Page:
The young man and I became good friends and shared similar interests. One day, a shocking turn of events happened in his life when he found out he was going to be a father. Over the next two years, I watched his life transform before my eyes. I won’t say what all happened, but it was remarkable. In that time, he began seeking God with a passion. That passion, to some, would have been considered extreme. Eventually, his enthusiasm bubbled over into my life and I wondered why he was so excited all the time. He knew that I was a Christian and our talks shifted toward the spiritual side of life. Since I was older and a Christian for as long as I could remember, maybe he thought I had answers.

He spent roughly six months discussing scriptures with me and passing notes with Bible verses scribbled on them. At the time, I didn’t have the heart to tell him that I was not looking at most of them. Every once in a while, I would take a quick peek though. He shared some materials that were available online for free. One story was from a book that took me months to get through because I could only do so in rather large chunks but spread out over time. The strangest thing happened. After stopping, each time I started up again days to months later, I was in a different place in my life that corresponded in the book. If I had rushed through the whole thing right away, it would not have had the same impact on me. The timing, in other words, was perfect. Words I desperately craved to hear jumped out at me, not just on one occasion but many.

My heart told me to go back and look through some of the other materials my friend had referred me to. At the time, free was the only price I could pay for something. Anything available for free is often deemed less valuable. However, there are times when nothing could be further from the truth. I remember downloading a series from a pastor who put all his material online at no charge. People argue until they are blue in the face over what preachers say and do. What I know for sure, is something in those messages reached out to me. The material wetted my appetize like salad and breadsticks, and I was ready for more.

Friendships can come and go throughout life because it is easy to lose touch. I have to admit though, since that point in time, my life has never been the same. For me, after years of struggling and wrestling with my thoughts, God started to do a new thing in my heart. To think, it all started when he sent the right one into my life.

Ms. D

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I really do not like visits to the dentist office; no disrespect to anyone working in this field. There is just something that nags me about paying someone a lot of money to cause me pain. That’s what it looks like on the surface, but I know it’s not true. I am paying them to help keep my teeth in my mouth and looking as nice as possible. We tend to see cavities as something which can be easily fixed but overlook that it is irreversible damage that weakens our teeth and puts us at risk for further trouble. Teeth are something that can be taken for granted when we are younger. After all, sweets are too delicious to pass up, not to mention everyone is putting them in front of us. Even though instructed to, not all children like to brush their teeth, and they do not get brushed as often as they should. If teeth are not properly cared for, it can lead to intense pain and a huge financial loss, so please follow the suggestions of a good dentist! I am pleased to say I have long since learned my lesson and that things have been going much better for me in this area.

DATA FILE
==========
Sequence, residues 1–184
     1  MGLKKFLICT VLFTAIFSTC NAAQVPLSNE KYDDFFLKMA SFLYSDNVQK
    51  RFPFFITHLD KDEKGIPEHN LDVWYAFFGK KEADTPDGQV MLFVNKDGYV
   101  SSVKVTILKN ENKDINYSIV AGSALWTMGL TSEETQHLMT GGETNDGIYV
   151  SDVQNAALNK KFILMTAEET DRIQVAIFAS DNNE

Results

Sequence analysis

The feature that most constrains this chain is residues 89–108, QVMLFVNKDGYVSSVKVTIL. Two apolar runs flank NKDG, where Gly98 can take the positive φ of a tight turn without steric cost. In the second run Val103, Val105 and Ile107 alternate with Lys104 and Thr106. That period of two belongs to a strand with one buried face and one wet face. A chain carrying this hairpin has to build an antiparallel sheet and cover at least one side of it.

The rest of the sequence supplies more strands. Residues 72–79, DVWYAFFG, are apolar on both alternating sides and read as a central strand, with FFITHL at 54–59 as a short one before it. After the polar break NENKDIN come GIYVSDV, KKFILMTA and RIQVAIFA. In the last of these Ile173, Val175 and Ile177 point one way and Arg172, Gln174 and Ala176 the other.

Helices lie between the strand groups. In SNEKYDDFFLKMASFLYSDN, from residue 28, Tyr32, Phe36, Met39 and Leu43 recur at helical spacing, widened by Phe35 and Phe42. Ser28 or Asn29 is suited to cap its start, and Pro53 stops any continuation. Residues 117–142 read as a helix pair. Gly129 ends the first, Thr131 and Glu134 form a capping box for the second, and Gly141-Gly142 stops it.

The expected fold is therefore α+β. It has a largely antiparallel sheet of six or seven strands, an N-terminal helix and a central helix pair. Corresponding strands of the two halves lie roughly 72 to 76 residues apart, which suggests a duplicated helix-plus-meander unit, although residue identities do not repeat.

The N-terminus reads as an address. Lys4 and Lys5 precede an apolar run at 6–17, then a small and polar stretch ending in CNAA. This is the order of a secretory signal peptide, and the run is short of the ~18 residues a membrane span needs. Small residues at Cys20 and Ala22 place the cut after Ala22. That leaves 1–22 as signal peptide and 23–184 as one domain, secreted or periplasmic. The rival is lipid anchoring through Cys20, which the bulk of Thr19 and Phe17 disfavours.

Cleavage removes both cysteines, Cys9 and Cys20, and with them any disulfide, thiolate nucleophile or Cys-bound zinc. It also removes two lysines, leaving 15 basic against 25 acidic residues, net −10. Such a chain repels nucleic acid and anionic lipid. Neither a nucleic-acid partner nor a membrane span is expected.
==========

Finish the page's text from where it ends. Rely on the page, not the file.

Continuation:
After I relocated, I had to find a new dentist. Of course, one of the first things they told me was going to happen was that they would take x-rays. For goodness sakes, I still cannot figure out why on earth they haven’t designed a better way to take x-rays. They do not take them every visit so there is enough time in between that I nearly forget how terrible of an experience it was the time before. The first x-ray was taken, then another, and they continued until I thought I was in the clear. Then came the worst x-rays of them all, the corner ones. They told me to bite down and not move. Meanwhile they went to the back and made a pot of coffee while I laid there and suffered. At least that is what I hypothesized, along with the imaginary dialogue that follows.

“There it is!” she whispered to her coworker upon return.
“There is what?” asked the other.
“Look, in the corner of their eye, it’s a tear. I knew we could do it!”

After the x-rays were over, they laid me down on an awkward chair. Meanwhile, they brought in the x-rays and placed them in front of a light for the dentist to observe. The only trouble was, they were busy with four other patients, giving time for my mind to wander. During my paranoid delusions of grandeur, I questioned whether they conspired behind my back, a way to make patients like me suffer. It started with making me cry during the x-rays and then allowing me to stare at the results, wondering if further trouble lay ahead. In my case, I’ve had bad past experiences of dental work. Now, I won’t even look at the trays that carry their instruments of torture. In years past, they have worked on me enough that I do not want any more trouble. I work hard now to care for my teeth.

While this is an exaggeration, you can now tell more why I do not prefer these visits. But I try to keep a positive outlook on things, so I find ways to make it a more pleasant experience. One of the ways I’ve done this is through my interaction with the staff. One of the staff members, who I will call Ms. D, was the one who did my x-rays. She and I got along well. We shared many laughs together and I made it a point to treat her exceptional. On my second visit, she remembered me from the first time we met. I stopped in the hallway and talked to her once more. I informed her that she was my favorite employee at the office. My dental hygienist overheard me, to which I smirked and told her she was my favorite too. Ms. D smiled and we ended up giving each other a hug.